Much as in previous responses by the political establishment to past storms, such as that of Hurricane Maria in 2017 which killed more than 3,000 in Puerto Rico; Hurricane Katrina, which killed 1,800 in New Orleans in 2005, as well as the COVID-19 pandemic over the last two years which has killed more than 1 million, the policy of the government towards Hurricane Ian was one of malign neglect centered around protecting profits rather than lives.
The DeSantis acolyte Marceno attempted to distract from the death and devastation by focusing on four individuals who the sheriff says are “illegal” immigrants suspected of unspecified burglaries, threatening that suspected looters may be summarily executed: “You might walk in. You’ll be carried out.” His fascistic threats make the priorities of the political establishment apparent: profits over lives. Meanwhile the personal property of the working and poor, and for that matter small businesses, are allowed to be destroyed with little or no aid from the state.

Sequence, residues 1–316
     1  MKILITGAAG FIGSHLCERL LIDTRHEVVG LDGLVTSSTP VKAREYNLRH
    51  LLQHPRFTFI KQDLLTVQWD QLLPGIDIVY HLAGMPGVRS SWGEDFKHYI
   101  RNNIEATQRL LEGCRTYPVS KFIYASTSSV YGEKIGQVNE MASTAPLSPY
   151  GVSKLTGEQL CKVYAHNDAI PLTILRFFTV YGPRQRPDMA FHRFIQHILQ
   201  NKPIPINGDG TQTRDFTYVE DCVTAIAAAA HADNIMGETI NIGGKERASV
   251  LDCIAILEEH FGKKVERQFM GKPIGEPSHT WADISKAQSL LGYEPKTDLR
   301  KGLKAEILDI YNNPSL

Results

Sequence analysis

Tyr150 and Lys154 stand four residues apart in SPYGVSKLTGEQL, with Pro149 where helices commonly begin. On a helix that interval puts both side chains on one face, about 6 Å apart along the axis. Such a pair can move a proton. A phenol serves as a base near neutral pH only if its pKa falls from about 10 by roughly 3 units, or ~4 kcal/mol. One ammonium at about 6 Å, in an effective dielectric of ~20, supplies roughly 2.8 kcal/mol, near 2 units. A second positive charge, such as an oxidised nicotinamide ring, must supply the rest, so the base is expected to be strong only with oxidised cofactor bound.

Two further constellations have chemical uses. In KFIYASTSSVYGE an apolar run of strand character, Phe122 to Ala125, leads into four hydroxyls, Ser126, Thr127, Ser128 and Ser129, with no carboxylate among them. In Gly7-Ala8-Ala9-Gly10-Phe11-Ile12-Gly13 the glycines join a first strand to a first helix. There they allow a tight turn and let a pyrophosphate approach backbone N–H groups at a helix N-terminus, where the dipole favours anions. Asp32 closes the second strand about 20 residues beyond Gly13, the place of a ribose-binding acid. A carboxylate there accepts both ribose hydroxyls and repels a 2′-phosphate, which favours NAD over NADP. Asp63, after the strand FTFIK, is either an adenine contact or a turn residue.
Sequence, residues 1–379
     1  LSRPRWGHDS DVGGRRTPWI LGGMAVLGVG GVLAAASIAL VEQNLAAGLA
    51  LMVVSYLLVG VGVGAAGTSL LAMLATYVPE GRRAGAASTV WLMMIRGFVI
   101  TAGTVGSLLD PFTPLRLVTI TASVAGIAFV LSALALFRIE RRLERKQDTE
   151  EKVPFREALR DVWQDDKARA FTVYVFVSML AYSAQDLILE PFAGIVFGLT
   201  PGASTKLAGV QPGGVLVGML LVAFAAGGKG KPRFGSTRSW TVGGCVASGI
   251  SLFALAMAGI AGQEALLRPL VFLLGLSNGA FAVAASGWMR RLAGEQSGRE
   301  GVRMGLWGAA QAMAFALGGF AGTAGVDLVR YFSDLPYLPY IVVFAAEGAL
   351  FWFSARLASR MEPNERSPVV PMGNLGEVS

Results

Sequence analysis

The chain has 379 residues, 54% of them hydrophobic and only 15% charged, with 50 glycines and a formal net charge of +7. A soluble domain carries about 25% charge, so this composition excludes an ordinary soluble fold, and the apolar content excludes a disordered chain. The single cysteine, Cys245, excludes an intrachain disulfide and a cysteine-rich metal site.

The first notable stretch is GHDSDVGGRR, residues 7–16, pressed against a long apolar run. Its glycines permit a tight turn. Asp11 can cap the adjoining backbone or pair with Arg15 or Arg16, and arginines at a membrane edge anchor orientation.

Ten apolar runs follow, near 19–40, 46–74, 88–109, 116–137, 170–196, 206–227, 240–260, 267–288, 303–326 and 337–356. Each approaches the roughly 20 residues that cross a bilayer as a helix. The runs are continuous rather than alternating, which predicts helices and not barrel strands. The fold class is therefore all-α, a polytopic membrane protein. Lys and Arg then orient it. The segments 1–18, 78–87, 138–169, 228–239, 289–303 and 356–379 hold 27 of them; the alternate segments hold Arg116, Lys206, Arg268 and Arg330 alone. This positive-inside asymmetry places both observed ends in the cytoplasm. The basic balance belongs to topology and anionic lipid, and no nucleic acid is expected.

As of Tuesday evening 374,579 customers were still without power in Florida, according to PowerOutage.us. Lee accounted for the most outages at 201,329, a little under half of the customers in the county, while the nearby counties accounted for the vast majority of the rest of the outages. Over half of the customers in both DeSoto and Charlotte counties remain without power. Many in the areas affected by the storms still lack access to fresh drinking water and remain under boil-water notices, according to the Florida Department of Health.